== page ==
It's tempting to call the lack of focus and absence of subtlety a flaw though there is some merit to the fact I was either buzzing along or reeling from the welcome whiplash when violently shoved down unexpected pathways. There are difficult questions that arise as we are forced to come to terms with the fact that our reflections reveal cracks in the image we have of ourselves. Mirrors become the abyss and what stares back at us is capable of inflicting untold horrors not only on others but ourselves.
There is a rabbit hole of substance to get lost in when thinking about 'Us', so much so it’s easy to forget the degree of difficulty on the acting side of things. Lupita is the standout performer, flaunting her movie star wings. I’ve never doubted her ability to hold my gaze but I never imagined she would have my insides cheering in moments like when she brandishes a fireplace poker like a katana. She exudes this Ellen Ripely-esque defiance that makes you feel like the end of the world may not be so bad after all.
She’s not merited a mention so far but a class act like Elizabeth Moss (whose character’s showy family is the subject of Gabe’s ire and quiet envy) is a luxury a man like Peele can now afford, searing into our hearts with unreal and haunting efficiency in an excellent sixth man showing.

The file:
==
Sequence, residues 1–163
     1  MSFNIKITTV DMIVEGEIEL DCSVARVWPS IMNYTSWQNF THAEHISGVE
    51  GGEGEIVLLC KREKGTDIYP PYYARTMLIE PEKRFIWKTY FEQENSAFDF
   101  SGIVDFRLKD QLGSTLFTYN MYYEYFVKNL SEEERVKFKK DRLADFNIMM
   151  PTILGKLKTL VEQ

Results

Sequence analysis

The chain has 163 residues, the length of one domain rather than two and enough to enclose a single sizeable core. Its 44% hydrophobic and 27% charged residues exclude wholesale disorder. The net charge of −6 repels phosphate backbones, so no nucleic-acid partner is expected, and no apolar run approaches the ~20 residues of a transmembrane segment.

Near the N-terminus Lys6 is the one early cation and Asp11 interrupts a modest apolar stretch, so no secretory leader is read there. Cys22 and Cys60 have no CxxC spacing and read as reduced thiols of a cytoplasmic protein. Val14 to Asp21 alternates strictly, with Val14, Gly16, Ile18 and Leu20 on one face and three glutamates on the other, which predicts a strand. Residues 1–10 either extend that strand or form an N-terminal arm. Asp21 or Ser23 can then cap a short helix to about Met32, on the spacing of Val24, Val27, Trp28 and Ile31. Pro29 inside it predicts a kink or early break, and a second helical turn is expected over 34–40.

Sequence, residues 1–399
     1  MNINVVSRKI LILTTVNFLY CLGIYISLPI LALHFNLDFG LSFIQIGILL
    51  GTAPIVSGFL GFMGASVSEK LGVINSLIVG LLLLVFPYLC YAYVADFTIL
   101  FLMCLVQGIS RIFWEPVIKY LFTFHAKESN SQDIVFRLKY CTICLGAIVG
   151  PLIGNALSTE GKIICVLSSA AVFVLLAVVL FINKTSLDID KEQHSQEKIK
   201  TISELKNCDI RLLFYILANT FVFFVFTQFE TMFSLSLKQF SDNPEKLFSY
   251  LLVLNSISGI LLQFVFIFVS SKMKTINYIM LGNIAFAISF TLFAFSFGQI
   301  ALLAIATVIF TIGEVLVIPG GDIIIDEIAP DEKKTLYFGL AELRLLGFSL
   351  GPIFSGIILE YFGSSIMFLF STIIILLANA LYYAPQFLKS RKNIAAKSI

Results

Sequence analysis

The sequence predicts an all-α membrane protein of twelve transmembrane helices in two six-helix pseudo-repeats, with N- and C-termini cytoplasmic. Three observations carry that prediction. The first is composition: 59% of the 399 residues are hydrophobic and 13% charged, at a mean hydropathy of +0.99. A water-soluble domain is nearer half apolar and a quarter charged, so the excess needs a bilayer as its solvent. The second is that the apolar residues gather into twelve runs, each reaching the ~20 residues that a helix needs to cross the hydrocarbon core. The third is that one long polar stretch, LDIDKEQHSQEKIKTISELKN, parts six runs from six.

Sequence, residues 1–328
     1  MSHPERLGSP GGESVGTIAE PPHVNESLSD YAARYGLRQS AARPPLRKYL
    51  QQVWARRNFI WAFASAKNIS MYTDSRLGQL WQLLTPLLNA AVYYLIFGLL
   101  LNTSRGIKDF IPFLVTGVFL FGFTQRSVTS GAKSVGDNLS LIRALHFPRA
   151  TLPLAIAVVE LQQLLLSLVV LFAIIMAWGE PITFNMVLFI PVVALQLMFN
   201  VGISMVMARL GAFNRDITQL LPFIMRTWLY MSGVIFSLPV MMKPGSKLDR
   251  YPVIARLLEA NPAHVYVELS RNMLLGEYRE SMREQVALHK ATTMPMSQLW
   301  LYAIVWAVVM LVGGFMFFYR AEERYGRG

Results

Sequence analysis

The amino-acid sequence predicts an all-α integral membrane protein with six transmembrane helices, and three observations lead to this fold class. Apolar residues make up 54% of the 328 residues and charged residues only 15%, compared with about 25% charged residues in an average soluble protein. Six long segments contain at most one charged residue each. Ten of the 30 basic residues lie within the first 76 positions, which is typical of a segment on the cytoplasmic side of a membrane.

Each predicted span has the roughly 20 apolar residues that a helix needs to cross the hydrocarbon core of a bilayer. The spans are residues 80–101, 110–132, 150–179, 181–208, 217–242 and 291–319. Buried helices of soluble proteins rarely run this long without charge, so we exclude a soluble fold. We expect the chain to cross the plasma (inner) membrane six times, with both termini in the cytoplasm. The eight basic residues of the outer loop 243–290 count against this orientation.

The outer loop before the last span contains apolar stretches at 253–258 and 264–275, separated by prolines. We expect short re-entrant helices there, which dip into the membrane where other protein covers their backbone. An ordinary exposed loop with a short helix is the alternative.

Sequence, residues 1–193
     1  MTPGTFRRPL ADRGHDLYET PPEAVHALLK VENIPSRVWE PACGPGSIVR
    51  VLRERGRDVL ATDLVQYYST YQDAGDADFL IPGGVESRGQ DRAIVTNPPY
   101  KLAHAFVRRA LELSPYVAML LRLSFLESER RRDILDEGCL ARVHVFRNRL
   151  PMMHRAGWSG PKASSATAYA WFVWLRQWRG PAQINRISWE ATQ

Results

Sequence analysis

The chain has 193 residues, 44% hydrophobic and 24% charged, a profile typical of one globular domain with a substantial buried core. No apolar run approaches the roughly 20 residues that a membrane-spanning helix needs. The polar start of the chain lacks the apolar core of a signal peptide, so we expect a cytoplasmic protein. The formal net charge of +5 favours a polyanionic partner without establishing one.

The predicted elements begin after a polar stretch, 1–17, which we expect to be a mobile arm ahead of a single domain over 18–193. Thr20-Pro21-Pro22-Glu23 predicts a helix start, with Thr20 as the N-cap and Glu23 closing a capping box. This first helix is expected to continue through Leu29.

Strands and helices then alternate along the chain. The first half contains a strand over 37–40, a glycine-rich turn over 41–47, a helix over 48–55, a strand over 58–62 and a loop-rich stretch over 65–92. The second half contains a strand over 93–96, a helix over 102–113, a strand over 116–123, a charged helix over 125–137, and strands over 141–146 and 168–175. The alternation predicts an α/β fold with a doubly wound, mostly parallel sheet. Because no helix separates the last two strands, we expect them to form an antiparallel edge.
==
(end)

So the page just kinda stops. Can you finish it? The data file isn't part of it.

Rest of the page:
Duke’s comic chops are in full flow easing tension with well measured moments of levity. The already loaded script affords the family time to just bicker, whether it’s about Zora’s sudden disinterest in track or her stubborn desire to be the wheelman when lives are on the line.
Wright Joseph leaves a more indelible mark with her psychotic turn as Zora’s double and boy, if glares could kill. She's also at the centre of my favorite sequence here, when she fights her way to her mom, golf club in hand, as NWA’s ‘Fuck Tha Police’ creates a straight up vibe to aspire to.
Despite the thrills, mixed feelings simmer in my belly. It’s like part of me felt I wasn’t put through the wringer enough. There was no Police car arriving moment like in 'Get Out’ where I had forgotten to breathe. I think Peele’s sleight of hand woos us into thinking we are seated for this decade’s fight club when he really just wants to start his own Cornetto Trilogy. The ‘5 on it’ trilogy you say? Sign me up!